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Gluten Intolerance & Sourdough Bread

author image Jill Corleone, RDN, LD
Jill Corleone is a registered dietitian and health coach who has been writing and lecturing on diet and health for more than 15 years. Her work has been featured on the Huffington Post, Diabetes Self-Management and in the book "Noninvasive Mechanical Ventilation," edited by John R. Bach, M.D. Corleone holds a Bachelor of Science in nutrition.
Gluten Intolerance & Sourdough Bread
A close-up of sourdough with raisins. Photo Credit StudioZwartlicht/iStock/Getty Images

If you're intolerant to gluten, a protein found in wheat, rye and barley, you know how hard it is to find a good-tasting bread. Most gluten-free breads are dense, dry and expensive. But wheat bread may be making a comeback for the gluten-intolerant thanks to new research on sourdough. It turns out this old-fashioned baking technique may help break down gluten in wheat. Sourdough is not only good for baking but may also help heal the gut in those newly diagnosed with celiac disease.

What Is Sourdough

Sourdough starts simply as a mixture of flour and water. When you mix the two together, amylase, an enzyme in the flour, begins to break down the starch molecules into sugar. Wild yeast, which is naturally found in flour and the leavening agent, and friendly bacteria from the air begin to feed off the sugar. The mixture is allowed to sit and ferment, usually about a week, until it's bubbly and frothy and smells like vinegar. Then it is ready to be mixed with flour and baked into bread.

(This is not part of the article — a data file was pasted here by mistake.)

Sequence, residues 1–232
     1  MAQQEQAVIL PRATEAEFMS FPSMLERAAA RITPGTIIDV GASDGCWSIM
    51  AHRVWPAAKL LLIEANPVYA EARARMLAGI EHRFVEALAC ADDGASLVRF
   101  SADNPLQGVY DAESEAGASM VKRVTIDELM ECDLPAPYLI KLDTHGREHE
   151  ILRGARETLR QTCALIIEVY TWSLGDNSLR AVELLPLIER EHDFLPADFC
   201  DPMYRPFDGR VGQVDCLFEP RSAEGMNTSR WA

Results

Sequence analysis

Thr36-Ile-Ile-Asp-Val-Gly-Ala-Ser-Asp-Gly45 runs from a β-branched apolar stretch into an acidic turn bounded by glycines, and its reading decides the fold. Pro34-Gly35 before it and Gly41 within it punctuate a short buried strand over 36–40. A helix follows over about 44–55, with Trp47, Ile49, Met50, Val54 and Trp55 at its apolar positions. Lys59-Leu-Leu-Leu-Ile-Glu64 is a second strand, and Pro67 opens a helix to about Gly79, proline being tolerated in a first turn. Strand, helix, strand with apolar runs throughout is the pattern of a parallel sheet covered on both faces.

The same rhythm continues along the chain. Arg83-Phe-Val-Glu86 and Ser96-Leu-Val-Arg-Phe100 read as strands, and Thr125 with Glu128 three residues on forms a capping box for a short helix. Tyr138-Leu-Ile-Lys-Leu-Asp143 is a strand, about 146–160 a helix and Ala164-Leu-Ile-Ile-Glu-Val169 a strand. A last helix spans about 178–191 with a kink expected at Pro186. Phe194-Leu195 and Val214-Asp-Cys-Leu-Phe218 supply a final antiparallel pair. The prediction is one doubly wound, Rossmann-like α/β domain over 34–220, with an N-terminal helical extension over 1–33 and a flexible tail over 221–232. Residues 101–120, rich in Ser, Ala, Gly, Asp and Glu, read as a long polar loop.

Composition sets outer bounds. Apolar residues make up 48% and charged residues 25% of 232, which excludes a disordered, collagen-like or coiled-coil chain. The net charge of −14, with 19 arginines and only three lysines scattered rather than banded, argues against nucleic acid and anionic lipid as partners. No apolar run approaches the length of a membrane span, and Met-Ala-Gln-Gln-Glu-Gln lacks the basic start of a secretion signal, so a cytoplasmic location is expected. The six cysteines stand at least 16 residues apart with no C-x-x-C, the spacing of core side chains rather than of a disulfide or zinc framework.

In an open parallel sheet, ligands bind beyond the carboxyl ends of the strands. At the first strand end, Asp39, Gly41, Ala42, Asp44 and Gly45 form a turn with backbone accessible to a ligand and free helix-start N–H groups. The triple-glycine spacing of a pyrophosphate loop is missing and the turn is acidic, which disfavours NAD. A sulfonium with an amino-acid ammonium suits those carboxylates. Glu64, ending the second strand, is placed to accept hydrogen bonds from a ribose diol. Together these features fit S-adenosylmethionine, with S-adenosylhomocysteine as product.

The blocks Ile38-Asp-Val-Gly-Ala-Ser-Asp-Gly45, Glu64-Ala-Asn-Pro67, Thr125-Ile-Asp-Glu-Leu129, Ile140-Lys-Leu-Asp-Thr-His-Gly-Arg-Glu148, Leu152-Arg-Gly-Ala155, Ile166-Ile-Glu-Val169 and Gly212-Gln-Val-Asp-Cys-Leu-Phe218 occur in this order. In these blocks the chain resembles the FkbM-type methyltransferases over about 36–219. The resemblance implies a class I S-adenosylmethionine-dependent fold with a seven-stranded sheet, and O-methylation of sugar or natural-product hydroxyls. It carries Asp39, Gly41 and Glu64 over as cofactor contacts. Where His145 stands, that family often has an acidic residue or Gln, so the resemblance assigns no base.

Sourdough and Wheat Bread

Lactobacilli, the friendly bacteria in the sourdough, not only feeds off the sugar from the flour, but it may also decrease the amount of gluten in wheat bread. Research is in its early stages, and scientists are experimenting with varying amounts and types of bacteria, as well as fungi, to create a gluten-free wheat bread for people with gluten intolerance. So far, the only practical use for these experiments is in preventing cross-contamination with other gluten-free foods.

Good for Your Gut

When people with gluten intolerance eat foods containing gluten, their immune system responds by attacking and damaging the villi in the small intestines, which affects absorption of nutrients. Once you omit gluten from your diet, your gut begins to heal, but it takes time. A 2012 study published in the "European Journal of Nutrition" found that gluten-free sourdough bread may enhance the healing process during those early days of the disease. The researchers suggest that gluten-free sourdough bread may be helpful in the early stages of recovery for the newly diagnosed.

Make Your Own Gluten-Free Sourdough

If you like to bake, you can make your own gluten-free sourdough. Rice, corn or gluten-free amaranth flour make good choices to create your sourdough starter. Like a traditional wheat flour starter, you mix the gluten-free flour with water and let it sit for a week to ferment, which is important for the healing properties, until it becomes bubbly and frothy. Once it's ready, you can use it to bake your own gluten-free sourdough bread.

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